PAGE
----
Screening Log #41: Into the Abyss (2011)

Written and Directed by Werner Herzog

 

 

 

 

 

Capital punishment is something that I have never quite seen the point of. Beyond the moral and ethical reasons as to why it doesn’t make sense, the purported effects of it, whether they be financial (cutting the cost of funding a life sentence for a prisoner), judicial (deterring others from committing crimes on the threat of death), or merely Biblical (in that barbarous eye-for-an-eye sense), don’t seem to pan out in actuality. If anything, I would think – and have no stats to verify this with – that once death is in play for an individual, it grants them carte blanche, i.e., “I’m going to get the chair so I may as well….” There is an obvious sense of hypocrisy in condemning someone to die for murder, a lowering of the state to the level of an individual, to the committing an identically base act for what amounts to equally arbitrary reasoning.

Herzog’s latest documentary, Into the Abyss, turns his peculiarly sensitive eye toward Texas, its death penalty, and the case of two young men, Jason Burkett and Michael Perry, who murdered three people so that they might steal a car. Perry is scheduled to be put to death, while Burkett was given a life sentence. Here, again, in those words, a paradox resides. Herzog remains behind the camera for the entirety of the film, subjugating his presence to his singular voice asking questions of the people he interviews: the perpetrators, the family members of the victims, the priest who will be with Michael Perry on the day he is executed, Jason Burkett’s prison-bound father, the sheriff who worked the case, and a cast of characters from Conroe, Texas, that perhaps only Herzog would take the time to find. Herzog also employs footage taken of the crime scene by the police as the sheriff and others retrace the events of the murder.

In his typical fashion, Herzog’s concern is less with outright moralizing or passing judgement. Early in the film he tells Michael Perry that Herzog does not need to like him, and that his circumstances do not exonerate his deeds, but that Perry, as a person, should not be put to death and deserved a common respect afforded to all people. As such, Herzog interviews all effected parties, observing the considerable emotional damage inflicted on the victims’ families, and weighing out potential causes for so absurd a crime. It becomes macabrely appropriate that the first victim’s, Sandra Stotler, body was unceremoniously disposed of in a lake called “crater lake”; Herzog’s film records the impact of this crime on the lives of both the victims and their murders.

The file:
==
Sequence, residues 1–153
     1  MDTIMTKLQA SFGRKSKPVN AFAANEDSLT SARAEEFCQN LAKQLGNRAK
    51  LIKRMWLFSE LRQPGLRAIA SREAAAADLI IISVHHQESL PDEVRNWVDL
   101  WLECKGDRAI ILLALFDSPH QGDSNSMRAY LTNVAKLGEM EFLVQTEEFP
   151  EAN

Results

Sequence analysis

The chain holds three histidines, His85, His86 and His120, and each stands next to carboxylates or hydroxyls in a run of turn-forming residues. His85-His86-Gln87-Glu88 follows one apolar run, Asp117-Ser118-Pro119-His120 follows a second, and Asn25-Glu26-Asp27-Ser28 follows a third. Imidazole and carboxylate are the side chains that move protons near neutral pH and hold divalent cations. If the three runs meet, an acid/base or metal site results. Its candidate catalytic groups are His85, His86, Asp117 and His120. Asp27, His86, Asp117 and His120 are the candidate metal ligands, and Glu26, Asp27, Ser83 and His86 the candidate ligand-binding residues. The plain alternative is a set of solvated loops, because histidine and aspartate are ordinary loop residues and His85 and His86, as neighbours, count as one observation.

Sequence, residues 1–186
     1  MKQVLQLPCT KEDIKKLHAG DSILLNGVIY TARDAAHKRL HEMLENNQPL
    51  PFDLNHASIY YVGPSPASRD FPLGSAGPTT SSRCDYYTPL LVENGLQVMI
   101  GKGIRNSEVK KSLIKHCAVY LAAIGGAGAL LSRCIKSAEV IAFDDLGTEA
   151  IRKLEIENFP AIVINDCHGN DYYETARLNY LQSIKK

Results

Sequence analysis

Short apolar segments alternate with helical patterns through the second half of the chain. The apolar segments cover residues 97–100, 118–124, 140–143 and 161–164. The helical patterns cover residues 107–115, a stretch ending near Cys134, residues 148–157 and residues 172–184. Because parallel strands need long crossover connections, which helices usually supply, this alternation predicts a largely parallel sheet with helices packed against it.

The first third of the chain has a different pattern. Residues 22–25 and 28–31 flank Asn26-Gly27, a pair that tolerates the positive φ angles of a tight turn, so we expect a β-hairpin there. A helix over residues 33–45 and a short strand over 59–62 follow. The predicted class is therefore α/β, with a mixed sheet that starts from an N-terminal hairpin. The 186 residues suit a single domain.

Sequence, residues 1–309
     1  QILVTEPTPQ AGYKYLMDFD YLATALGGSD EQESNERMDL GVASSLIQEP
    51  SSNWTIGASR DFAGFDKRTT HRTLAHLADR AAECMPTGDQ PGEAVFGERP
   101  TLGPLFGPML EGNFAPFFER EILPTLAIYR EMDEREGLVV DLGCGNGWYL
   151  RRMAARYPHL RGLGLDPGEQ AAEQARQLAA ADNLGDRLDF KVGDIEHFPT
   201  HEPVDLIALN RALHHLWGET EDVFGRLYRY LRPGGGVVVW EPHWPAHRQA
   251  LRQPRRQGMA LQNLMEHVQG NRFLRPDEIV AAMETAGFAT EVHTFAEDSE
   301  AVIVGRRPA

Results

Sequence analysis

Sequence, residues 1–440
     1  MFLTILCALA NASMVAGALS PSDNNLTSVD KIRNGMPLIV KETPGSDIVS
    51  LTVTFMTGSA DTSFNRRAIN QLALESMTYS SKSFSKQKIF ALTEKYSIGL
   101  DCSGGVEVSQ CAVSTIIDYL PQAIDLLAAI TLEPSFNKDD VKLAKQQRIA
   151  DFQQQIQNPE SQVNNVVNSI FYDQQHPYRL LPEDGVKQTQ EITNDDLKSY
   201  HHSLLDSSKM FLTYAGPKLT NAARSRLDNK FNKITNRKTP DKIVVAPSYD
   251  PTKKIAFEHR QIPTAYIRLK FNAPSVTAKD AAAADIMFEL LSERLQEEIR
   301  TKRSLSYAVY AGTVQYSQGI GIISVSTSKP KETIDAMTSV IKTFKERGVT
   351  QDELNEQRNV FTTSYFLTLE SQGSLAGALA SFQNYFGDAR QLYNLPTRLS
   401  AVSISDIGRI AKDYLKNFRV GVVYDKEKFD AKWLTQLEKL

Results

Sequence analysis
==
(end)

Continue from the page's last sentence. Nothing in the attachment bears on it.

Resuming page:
Indeed, this line between victim and perpetrator becomes complicated and muddied when the view of the film pulls back to examine the apparatus of the death penalty, how it dehumanizes both those put to death and those who must kill them simultaneously. Those murdered inmates without family are buried by the state in a cemetery; the inmates’ headstones bear no names, only numbers. Herzog’s camera moves over this cemetery, its numerous crosses with serial numbers without name, identity and humanity submerged into the grinding gears of a state machine. Lying unspoken behind these images is the fact that this mode of dehumanization is not a new invention and has, in the past, signified other catastrophically inhumane occurrences.

This is not to say that the film is entirely without lighter moments, or reprieve from its darker interrogations. Herzog, as he often does, leads his interview subjects down particular paths, at times drawing them through a line of questioning that seems absurd or trivial, often to equally humorous or poignant result. Herzog’s interviews with some acquaintances of Perry and Burkett’s, and one young man in particular, provide surprisingly light-hearted anecdotes unrelated to the case. The film also speaks to Burkett’s wife, who was a lawyer working on his case before marrying him in prison, and who is now mysteriously pregnant with what may or may not be Burkett’s child. The film’s final outcome, however, is intractably tied to Michael Perry’s own inevitable outcome, and, as such, there is only so much light that is able to get in.

In the latter stages of the film, a former prison guard who was in charge of over 125 executions is interviewed by Herzog. This guard relays advice given to him, stating that you have to “live your dash”; your dash being the stroke between the year you were born and the year you die on your tombstone, that dash signifying your life. This sentiment speaks to the philosophy espoused at every corner by Herzog, that in the face of the absurdities of time and death and nature, you have no choice but to live ecstatically. It also reasserts the most fundamental negation carried out by capital punishment: that in death its victims are robbed of even the humanity of a tombstone, that the state looks to erase a life, and its crimes, completely, despite its inability to resurrect the dead, or erase the crime itself. In the end, the denial of life has no efficacy other than further negation.

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